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— by Hana LaRock

Facebook vs. Government: 4 Key Takeaways For Every Agent

In mid-April, CEO of Facebook, Mark Zuckerberg, testified before Congress in regards to the Cambridge Analytical privacy scandal and its potential influence on the election. If you tuned into the hearing, you may have found yourself needing to turn off the TV after some point, as a lot of the questions and answers seemed to get repetitive.  

Overall, there are a lot of ways to interpret what happened and thereby question Facebook’s intentions. People could go back and forth discussing who was really in the wrong, and what to do based on the results of that conversation. But, after everything, the biggest concern is our data, how Facebook uses it, and what we should know about the popular social media platform. 

1) You Can Control What You Post 

Remember that old saying, “Be careful what you share on the Internet?” Well, that’s still very much true, if not more so today than ever before. Anytime you post anything on Facebook, whether it be a photo of a new listing, an article that you feel will be inspirational to your clients, or even your contact information, others are going to see it.  

You do have the option of customizing the post’s privacy and limited who can see it (maybe you have some friendly competition that you rather keep things from), but ultimately, once it’s online, it’s there forever. Even after customizing privacy settings, it’s not too difficult for a person who is tech-savvy to find something they’re looking for. The bottom line is, if you’re not comfortable with people seeing the post, then the answer is simple: Don’t post it. 

2) Your Data Can and Will Be Used “Against You”

Okay, not really. But it is used! Facebook collects data for a number of reasons, and whether that’s to convince people to vote for a certain presidential candidate or buy that gift you’ve been shopping for on Amazon, it’s nothing new. We see advertisements on our news feed that almost make us feel as though Facebook is listening into our conversations.  

Facebook, when given the appropriate permissions, can track your non-Facebook browsing history by using cookies or permissions from joint apps. This information will then be used to make your experience on Facebook more personal, with ads directed at your interests. Many people are not comfortable with this, but it’s easy to change these settings so that this doesn’t continue to happen. 

In the grand scheme of things, this is another one of the issues that leaves the ball in the user’s court. After all, Facebook does not charge to use it’s platform, so they need to make money in other ways and that’s typically done through ads. It’s very unlikely that Facebook will ever use your information to do anything malicious.  

If you see an ad that you don’t like, just keep scrolling. You can choose what to click on, what to like, what to watch, and most importantly, what to believe. But, one good side of this is it could help lead clients to your business. Those ads are for you to use, too.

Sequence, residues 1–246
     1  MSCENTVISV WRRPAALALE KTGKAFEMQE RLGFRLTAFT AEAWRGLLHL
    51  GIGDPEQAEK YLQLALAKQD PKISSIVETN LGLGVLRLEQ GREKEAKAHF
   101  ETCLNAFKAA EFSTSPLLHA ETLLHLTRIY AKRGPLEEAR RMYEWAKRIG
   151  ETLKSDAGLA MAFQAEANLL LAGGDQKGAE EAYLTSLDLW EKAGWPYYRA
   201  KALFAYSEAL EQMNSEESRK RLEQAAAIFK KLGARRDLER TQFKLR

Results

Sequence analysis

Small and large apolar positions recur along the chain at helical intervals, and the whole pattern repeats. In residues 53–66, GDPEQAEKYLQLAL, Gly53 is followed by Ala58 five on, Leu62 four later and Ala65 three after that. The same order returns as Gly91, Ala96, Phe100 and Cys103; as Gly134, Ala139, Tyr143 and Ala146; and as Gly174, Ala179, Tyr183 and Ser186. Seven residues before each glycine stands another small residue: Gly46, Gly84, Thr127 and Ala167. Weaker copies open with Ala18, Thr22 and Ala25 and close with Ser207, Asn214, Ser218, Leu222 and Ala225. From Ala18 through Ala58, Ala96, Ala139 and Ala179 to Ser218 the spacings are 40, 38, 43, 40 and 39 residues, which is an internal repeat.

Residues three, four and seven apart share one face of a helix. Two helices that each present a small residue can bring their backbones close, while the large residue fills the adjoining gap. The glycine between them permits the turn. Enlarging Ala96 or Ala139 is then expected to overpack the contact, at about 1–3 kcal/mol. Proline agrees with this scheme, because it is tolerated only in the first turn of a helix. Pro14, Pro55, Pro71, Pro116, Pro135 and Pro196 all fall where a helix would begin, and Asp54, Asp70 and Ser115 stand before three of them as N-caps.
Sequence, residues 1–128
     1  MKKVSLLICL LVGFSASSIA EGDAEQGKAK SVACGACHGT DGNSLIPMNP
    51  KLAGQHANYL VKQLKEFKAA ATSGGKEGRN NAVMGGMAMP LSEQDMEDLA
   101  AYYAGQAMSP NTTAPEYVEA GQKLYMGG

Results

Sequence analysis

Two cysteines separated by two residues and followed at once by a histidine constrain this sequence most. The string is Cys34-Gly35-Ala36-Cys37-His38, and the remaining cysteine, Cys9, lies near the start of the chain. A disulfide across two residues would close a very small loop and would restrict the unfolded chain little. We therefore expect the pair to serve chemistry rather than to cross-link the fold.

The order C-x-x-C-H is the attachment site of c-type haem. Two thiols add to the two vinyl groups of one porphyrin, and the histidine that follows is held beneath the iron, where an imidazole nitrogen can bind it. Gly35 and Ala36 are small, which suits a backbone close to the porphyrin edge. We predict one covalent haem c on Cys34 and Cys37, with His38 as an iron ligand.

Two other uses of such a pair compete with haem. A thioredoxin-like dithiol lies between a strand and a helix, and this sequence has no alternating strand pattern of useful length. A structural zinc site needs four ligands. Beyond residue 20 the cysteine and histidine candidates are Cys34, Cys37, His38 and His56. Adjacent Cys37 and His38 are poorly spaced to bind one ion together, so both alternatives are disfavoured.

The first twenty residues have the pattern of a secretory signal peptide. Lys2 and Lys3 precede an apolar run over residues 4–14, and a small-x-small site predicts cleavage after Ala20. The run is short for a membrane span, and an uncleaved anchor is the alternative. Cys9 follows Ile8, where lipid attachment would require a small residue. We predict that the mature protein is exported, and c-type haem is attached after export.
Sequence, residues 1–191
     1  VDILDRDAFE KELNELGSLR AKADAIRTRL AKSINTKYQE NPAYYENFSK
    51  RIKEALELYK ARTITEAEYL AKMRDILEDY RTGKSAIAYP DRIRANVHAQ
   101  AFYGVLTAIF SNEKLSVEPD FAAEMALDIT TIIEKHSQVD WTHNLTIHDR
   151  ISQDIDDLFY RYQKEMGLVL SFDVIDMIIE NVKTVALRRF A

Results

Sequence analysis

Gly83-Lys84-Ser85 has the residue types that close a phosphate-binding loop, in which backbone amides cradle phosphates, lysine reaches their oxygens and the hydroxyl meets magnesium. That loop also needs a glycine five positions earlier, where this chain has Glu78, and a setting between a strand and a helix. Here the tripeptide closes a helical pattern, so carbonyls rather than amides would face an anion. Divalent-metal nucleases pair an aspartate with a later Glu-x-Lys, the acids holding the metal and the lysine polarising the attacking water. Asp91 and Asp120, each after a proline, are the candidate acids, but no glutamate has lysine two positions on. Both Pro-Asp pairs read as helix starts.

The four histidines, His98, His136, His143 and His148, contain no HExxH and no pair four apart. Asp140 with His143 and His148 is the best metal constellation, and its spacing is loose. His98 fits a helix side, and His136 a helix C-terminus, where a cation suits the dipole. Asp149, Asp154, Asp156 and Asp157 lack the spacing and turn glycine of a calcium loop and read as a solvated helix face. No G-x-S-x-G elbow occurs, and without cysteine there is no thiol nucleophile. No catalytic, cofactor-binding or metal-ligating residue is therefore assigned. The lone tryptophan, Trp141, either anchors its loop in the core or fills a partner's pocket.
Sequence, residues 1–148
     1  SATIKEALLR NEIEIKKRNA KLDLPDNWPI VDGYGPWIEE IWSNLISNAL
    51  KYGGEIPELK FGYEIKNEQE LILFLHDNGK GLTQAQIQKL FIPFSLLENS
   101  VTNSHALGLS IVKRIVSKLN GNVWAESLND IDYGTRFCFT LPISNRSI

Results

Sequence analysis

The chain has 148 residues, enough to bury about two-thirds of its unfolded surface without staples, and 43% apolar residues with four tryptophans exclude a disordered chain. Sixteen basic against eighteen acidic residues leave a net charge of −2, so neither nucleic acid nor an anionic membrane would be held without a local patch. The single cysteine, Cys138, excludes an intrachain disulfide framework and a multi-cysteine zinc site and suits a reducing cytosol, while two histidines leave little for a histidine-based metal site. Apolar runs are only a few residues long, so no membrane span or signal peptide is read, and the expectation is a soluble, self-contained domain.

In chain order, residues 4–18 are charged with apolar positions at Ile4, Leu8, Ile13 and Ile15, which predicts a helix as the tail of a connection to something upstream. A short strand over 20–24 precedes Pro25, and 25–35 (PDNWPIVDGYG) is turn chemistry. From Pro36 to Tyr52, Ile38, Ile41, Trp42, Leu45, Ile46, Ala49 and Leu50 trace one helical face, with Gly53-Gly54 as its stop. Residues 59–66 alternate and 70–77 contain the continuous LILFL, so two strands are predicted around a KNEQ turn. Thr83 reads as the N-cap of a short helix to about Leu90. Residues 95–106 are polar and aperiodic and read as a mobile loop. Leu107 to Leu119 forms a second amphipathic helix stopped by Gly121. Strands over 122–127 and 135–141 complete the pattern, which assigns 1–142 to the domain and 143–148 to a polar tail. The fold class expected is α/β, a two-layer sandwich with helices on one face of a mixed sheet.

3) Not Everything Online is Truthful 

Real estate agents who want to grow their business likely utilize social media platforms like Facebook in order to do so. Sometimes, various marketing tactics are used to attract people to a product or service, and those tactics may not always be the most honest. Additionally, you may see articles or information in your feed regarding topics that seem to be controversial, or even posts that seem too ridiculous to be true. 

What you choose to do to bring in leads is your choice, but keep in mind that people can be manipulated very easily on Facebook.  

Is that your concern?  

No, not really.  

But, as a broker or any business leader, people want a brand they can trust, and it is your responsibility to support that the best way you can, and not use Facebook as a tool to unethically appeal to others. 

4) Facebook Is Still #1 in the Industry 

If you listened to the testimony, then you’ll know that Zuckerberg was asked by Senator Lindsey Graham, “You don’t think you have a monopoly?” No matter what your opinion is on the issue and whether or not companies like Google and Amazon can actually be considered competitors of Facebook, the fact is that Facebook still is #1 in social media.  

At the end of 2017, there were 2.2 billion active users. Therefore, when it comes to advertising your real estate business or finding leads online, it’s clear where it needs to be done. The attention is still very much on Facebook, and smart agents need to remember this. At the end of the day, you may not like what’s going on lately with the platform, but if you want to stay on top, you’ll have to find a way to not let that bother you. 

What’s your opinion about the Facebook scandal and how do you think it will impact real estate agents in the future? Let us know! 

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